The 5.0 version of rBuilder boasts several major new features. eWEEK Labs' tests of the platform, through Version 5.2.1, shows that rBuilder makes it easier to churn out virtual machine images for immediate deployment, and that the Web-based management interface that rBuilder pairs with the appliances it creates is handy. However, Labs did run into some configuration issues, as well as some issues with the new Flash-based Web front end.
With its rBuilder 5.2.1, rPath aims to streamline the deployment and
maintenance of application workloads by providing IT organizations with
the tools to roll their applications into Linux-based software
appliances that are ready to deploy on popular server virtualization
platforms, cloud computing services or bare-metal systems.
Rather than manage the operating system, application and virtual
container layers in separate processes, rBuilder enables organizations
to fold these operations into a single system that pairs applications
with "just enough" operating system components to meet their needs;
that packages the application-plus-OS bundles into the formats required
by various hosting platforms; and that keeps these appliances
up-to-date with security and bug fix patches.
Check out eWEEK Labs' gallery of rBuilder 5.2.1 here.
rBuilder Version 5.0, which was released in April, introduced
several major new features, including additional Linux distribution
options; a new, Flash-based interface; and a new management console
through which administrators can directly manipulate appliances on
various virtualization environments.
In my tests of rBuilder, which began with a pre-5.0 release of the
product and ran through the current 5.2.1 version, I was impressed by
the ease with which I could churn out virtual machine images for
immediate deployment on the Amazon EC2 and VMware ESX environments that
I tapped for testing. I also appreciated the handy Web-based management
interface that rBuilder pairs with the appliances it creates.
However, I found the process of getting my chosen applications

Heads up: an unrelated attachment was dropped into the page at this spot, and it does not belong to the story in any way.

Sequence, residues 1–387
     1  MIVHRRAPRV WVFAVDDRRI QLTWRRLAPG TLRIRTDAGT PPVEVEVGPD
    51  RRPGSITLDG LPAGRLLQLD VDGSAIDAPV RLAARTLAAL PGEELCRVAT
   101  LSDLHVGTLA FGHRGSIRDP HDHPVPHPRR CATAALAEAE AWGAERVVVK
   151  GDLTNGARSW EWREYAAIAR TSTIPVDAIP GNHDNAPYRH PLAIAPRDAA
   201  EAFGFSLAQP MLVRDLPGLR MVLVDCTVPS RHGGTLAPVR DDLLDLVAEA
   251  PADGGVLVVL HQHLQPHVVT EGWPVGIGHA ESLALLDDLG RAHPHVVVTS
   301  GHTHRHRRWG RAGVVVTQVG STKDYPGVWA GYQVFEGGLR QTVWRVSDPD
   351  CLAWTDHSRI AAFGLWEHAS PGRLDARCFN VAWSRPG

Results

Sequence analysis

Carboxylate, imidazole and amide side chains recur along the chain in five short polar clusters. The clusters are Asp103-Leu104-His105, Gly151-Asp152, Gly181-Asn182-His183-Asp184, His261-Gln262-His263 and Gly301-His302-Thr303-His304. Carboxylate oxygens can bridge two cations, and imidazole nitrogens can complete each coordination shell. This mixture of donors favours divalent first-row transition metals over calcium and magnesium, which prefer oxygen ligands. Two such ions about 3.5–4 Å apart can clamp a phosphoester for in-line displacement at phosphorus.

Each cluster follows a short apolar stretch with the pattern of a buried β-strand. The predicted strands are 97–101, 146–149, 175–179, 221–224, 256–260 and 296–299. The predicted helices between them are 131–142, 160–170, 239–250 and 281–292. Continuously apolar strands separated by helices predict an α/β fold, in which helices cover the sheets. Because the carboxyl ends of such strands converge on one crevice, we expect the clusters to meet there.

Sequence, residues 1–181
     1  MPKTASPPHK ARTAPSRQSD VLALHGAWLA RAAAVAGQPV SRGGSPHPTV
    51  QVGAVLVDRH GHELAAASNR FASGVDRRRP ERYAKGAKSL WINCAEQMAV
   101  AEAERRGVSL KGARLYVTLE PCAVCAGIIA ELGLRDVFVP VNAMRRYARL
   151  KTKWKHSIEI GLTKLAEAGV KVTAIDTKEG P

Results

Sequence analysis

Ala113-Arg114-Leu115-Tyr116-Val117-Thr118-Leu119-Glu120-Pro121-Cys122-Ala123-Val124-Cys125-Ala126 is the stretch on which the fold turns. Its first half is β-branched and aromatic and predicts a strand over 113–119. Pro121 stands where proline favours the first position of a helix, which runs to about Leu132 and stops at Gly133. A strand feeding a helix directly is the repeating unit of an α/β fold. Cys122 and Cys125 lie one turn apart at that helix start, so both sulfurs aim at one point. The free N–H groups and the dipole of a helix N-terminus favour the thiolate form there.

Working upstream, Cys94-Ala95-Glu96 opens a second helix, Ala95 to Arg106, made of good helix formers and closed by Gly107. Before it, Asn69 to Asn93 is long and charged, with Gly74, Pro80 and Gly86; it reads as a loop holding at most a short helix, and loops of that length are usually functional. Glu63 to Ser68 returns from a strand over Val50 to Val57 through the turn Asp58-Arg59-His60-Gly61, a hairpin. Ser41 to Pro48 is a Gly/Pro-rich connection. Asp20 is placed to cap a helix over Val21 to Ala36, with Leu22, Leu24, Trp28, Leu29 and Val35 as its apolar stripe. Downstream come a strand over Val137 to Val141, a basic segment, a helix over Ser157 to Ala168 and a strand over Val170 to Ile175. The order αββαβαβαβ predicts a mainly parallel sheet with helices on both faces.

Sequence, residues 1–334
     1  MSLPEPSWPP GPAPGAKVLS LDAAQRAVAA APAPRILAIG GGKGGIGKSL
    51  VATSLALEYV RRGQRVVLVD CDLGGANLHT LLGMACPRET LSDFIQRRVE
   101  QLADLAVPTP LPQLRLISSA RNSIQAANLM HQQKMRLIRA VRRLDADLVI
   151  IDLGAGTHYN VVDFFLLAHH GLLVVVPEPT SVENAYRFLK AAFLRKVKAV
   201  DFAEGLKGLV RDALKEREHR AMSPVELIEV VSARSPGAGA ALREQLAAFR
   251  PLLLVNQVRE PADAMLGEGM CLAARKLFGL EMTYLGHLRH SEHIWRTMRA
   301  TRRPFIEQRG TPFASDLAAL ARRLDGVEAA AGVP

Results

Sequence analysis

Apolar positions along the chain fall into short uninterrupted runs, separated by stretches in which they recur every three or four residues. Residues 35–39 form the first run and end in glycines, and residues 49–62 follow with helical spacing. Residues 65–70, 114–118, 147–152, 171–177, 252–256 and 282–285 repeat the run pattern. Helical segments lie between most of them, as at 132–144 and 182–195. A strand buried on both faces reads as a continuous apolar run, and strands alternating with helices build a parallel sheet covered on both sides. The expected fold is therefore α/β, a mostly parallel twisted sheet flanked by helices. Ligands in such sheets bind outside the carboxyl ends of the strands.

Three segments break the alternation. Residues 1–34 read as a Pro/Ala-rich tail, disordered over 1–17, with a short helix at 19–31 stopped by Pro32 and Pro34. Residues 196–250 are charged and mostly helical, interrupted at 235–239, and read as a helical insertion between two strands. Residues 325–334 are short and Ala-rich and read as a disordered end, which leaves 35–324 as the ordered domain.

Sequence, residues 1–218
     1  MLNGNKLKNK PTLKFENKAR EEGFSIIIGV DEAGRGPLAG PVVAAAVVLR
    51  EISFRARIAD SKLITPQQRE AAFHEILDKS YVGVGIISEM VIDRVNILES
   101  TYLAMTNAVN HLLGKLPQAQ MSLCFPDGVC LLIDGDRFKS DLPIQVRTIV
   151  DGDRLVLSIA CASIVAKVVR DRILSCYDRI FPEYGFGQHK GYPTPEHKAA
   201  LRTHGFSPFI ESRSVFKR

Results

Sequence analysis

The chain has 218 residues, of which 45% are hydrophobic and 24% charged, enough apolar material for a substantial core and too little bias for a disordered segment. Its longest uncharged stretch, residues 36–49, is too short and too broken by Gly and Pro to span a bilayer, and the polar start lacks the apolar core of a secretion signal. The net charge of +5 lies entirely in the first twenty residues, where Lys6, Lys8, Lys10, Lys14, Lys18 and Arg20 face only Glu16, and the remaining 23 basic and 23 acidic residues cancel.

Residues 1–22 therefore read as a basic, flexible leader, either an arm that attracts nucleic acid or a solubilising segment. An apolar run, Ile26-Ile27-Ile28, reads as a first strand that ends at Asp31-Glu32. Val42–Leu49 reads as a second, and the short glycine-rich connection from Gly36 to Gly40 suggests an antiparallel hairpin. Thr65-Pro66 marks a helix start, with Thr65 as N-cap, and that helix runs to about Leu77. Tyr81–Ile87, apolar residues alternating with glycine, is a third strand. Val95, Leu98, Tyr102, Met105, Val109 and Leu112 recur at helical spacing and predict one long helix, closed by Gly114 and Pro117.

configured properly much more complicated than the product's
point-and-click graphical interface might suggest.
For my tests, I worked primarily with the Mediawiki application that
powers Wikipedia--an application that I know can be implemented very
well with rPath's tools because the company offers a freely available
Mediawiki appliance for download from its site. The rPath-built
Mediawiki appliance boasts an initial setup process that's folded into
the appliance's Web management interface, and a slick backup option
that covers both uploaded files and the Mediawiki database.
Building a Mediawiki appliance on my own was a much less streamlined
affair. For example, while rBuilder managed to detect automatically and
provide most of the OS dependencies that my test applications required,
the product didn't catch everything on its own, and I couldn't tell if
rBuilder had missed any required components without building and
launching my appliances first. To get everything configured properly, I
ended up having to cycle through the define, build and launch process
many times, and spend time learning about rPath's conary recipe
language to tweak my package definitions.
With that said, rBuilder is well worth evaluating, and rPath makes
evaluations fairly easy to conduct. rBuilder is available in hosted and
on-premises versions, and both flavors are freely accessible.
The on-premises version of rBuilder is free for use with up to 20
running virtual instances. The hosted version of rBuilder, called
rBuilder Online, is completely free, but all appliances built and
stored on rBuilder Online are publicly accessible.